© 2022 KPCW

KPCW
Spencer F. Eccles Broadcast Center
PO Box 1372 | 460 Swede Alley
Park City | UT | 84060
Office: (435) 649-9004 | Studio: (435) 655-8255

Music & Artist Inquiries: music@kpcw.org
News Tips & Press Releases: news@kpcw.org
Volunteer Opportunities
General Inquiries: info@kpcw.org
Listen Like a Local
Play Live Radio
Next Up:
0:00
0:00
Available On Air Stations
Local News

In split vote, Park City Planning Commission recommends accessory dwelling apartment changes

Accessory units
AARP
/
Accessory dwelling apartments are units located outside a home.

On Wednesday, the Park City Planning Commission recommended the city council pass code changes that could encourage more long-term rentals, but the vote was not unanimous.

In a 4-3 vote, with commission chair John Phillips providing the tiebreaker, the Park City Planning Commission signed off on several changes to the city’s land management code Wednesday night.

The changes are targeted at encouraging more long-term rentals in the city, and pertain to accessory dwelling apartments that are attached to a home or garage.

Commissioners agreed on almost all of the proposed changes, which include increasing the number of accessory apartments allowed inside a 300-foot radius, requiring leases be at least 90 days, and reducing the minimum square footage allowed from 400 to 280.

The split was related to how much review the commission should have over requests to build apartment units in the city’s historic zoning districts in Old Town. Commissioners Laura Seusser, Bill Johnson, and John Kenworthy argued the commission should have more oversight, while Sarah Hall, Doug Thimm, Christin Van Dine, and Phillips said approval in the historic districts should be left to the city planning department. There are already strict building requirements in place for those areas, and the majority argued that more approvals would discourage property owners from even applying for construction.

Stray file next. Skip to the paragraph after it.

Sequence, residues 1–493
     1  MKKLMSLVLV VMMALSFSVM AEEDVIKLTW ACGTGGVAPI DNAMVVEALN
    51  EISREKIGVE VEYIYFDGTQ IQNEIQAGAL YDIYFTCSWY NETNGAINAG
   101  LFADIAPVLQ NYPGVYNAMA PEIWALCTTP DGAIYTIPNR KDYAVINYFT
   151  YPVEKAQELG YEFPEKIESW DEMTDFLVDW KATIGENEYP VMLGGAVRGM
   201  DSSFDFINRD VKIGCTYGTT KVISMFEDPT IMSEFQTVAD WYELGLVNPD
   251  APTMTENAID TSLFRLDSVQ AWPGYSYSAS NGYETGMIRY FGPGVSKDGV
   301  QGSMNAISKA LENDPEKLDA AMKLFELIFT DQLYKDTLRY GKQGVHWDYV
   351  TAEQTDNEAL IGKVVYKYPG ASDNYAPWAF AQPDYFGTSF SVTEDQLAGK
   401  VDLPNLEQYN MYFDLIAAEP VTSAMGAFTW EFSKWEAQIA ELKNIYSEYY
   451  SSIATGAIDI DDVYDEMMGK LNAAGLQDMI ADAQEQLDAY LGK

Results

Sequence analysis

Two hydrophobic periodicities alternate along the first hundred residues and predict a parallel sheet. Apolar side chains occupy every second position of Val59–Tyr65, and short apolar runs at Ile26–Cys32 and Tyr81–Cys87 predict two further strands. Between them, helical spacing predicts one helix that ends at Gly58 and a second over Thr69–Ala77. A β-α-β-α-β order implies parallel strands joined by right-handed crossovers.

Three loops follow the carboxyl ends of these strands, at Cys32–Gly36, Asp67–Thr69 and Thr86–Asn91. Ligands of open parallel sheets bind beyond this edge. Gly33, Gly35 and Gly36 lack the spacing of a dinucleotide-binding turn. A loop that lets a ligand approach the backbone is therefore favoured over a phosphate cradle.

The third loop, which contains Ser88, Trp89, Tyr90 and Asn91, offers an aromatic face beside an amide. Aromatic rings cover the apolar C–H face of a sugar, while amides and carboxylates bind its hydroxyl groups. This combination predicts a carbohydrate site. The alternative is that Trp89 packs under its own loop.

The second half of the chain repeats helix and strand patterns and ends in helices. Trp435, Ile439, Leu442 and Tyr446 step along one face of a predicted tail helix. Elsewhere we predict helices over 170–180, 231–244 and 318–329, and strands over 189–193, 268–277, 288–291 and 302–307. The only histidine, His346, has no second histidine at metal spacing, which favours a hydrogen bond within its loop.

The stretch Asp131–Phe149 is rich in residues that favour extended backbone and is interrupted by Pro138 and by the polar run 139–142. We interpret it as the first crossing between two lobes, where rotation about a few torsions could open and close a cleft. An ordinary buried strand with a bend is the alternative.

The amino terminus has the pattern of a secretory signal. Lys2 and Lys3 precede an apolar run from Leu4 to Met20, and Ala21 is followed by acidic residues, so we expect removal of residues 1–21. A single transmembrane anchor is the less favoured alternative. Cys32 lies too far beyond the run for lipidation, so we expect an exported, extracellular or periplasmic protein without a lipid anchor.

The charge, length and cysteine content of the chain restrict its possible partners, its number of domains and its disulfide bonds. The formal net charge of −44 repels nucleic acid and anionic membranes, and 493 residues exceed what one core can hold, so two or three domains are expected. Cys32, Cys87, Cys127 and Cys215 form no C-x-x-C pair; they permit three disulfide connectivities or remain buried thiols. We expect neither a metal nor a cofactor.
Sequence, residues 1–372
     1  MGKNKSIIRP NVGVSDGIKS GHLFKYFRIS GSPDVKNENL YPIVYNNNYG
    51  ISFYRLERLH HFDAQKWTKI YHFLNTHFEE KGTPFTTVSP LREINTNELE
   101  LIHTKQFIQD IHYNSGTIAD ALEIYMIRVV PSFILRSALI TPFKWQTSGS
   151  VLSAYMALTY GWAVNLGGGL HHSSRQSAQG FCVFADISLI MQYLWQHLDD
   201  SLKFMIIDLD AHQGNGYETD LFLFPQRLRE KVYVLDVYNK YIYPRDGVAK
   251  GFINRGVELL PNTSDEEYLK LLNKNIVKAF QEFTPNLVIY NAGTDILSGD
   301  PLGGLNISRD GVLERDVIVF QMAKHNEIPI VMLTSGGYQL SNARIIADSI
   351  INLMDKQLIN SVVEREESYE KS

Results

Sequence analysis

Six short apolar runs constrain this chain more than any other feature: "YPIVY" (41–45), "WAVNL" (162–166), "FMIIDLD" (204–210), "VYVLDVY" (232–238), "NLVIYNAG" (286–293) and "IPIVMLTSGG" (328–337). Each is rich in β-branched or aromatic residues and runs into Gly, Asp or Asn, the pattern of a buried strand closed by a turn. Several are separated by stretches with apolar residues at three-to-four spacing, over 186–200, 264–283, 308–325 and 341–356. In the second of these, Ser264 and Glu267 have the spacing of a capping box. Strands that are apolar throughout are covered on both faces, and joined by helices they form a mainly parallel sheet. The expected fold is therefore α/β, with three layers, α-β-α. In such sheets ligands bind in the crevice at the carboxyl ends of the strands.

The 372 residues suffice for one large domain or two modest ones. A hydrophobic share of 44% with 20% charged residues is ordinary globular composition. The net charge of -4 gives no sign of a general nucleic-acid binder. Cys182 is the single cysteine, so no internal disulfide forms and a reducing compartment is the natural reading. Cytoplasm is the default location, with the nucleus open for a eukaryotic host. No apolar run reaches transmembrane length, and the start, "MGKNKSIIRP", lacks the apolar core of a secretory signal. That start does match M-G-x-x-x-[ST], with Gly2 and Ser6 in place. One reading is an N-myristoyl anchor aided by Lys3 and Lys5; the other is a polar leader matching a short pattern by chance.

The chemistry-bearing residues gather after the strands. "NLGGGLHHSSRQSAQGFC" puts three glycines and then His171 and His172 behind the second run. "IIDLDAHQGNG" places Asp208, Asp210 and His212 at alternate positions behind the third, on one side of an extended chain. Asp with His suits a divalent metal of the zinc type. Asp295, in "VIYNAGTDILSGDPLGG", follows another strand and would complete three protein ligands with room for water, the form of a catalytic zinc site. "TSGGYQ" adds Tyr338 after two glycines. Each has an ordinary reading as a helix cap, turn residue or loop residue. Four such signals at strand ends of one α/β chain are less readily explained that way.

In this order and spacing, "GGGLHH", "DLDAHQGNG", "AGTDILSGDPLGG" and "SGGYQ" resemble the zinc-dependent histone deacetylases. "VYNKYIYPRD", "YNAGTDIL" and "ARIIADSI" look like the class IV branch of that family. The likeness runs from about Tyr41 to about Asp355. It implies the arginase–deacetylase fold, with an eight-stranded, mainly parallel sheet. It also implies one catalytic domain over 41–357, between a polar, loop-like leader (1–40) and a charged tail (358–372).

Thimm said even though there are disagreements, a vote was warranted because the commission was unified on the rest of the proposals.

“Actually, I think the commission is in consensus on most of the points of this," said Thimm. "There are some notable exceptions, one or two notable exceptions to that, but just based upon the conversation, I don’t know that any one of the members of the commission are going to be changing their thought, even if we were to continue this and have another discussion at a later meeting.” 

Suesser, Johnson, and Kenworthy all supported the rest of the changes.

One distinction in these changes is the difference between accessory apartments and accessory units. Accessory units are contained within a home’s existing footprint, like a basement apartment, while an accessory apartment is an add-on outside a home.

The state legislature passed a law earlier this year that severely limits local governments’ ability to control the use of accessory units, while accessory apartments are not included.

City Attorney Mark Harrington told the commission that although the legislature may cover accessory apartments in the future, it should not influence its decision now.

“[The legislature is] not happy with that," he said. "That’s been one of the things that has been expressed in the interim sessions, so they may remove that deed restriction requirement. For right now, I think you need to plan without that threat dictating the outcomes you want, and I think that’s the way we’ve approached it.”

With the planning commission’s recommendation, the code changes will head to the city council for final approval. The council is expected to consider the issue on December 9th.

Editor's note: A sentence was removed to provide clarity on city regulations of accessory dwelling units.